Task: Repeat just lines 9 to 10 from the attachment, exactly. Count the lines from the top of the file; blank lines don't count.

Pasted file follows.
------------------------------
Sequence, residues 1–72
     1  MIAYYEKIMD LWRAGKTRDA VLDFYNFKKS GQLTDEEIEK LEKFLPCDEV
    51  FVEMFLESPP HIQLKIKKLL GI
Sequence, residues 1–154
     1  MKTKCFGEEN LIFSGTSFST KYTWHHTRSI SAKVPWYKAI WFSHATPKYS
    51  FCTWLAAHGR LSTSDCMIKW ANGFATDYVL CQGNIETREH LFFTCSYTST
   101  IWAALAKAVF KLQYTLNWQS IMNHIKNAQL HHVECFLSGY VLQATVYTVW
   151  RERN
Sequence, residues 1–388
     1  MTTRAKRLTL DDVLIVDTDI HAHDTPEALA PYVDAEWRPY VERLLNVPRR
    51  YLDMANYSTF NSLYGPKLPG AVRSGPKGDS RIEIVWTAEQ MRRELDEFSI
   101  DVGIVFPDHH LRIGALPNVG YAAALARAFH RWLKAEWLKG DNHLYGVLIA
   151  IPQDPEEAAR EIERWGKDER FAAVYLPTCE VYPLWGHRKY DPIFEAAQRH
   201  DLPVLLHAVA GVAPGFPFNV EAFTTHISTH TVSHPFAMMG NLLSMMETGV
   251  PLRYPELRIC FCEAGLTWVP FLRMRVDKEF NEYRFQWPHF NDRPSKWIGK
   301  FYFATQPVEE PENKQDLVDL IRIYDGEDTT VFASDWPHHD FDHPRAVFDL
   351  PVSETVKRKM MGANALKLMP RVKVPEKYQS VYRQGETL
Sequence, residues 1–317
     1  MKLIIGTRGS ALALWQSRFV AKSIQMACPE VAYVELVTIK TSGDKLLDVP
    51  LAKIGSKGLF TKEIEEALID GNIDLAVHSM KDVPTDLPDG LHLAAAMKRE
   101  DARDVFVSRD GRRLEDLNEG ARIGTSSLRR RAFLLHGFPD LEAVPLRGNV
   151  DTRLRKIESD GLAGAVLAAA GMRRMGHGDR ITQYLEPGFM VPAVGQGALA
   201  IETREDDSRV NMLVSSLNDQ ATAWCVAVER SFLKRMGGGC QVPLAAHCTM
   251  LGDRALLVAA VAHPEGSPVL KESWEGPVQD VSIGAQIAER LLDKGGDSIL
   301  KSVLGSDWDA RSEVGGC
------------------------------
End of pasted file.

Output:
Sequence, residues 1–388
     1  MTTRAKRLTL DDVLIVDTDI HAHDTPEALA PYVDAEWRPY VERLLNVPRR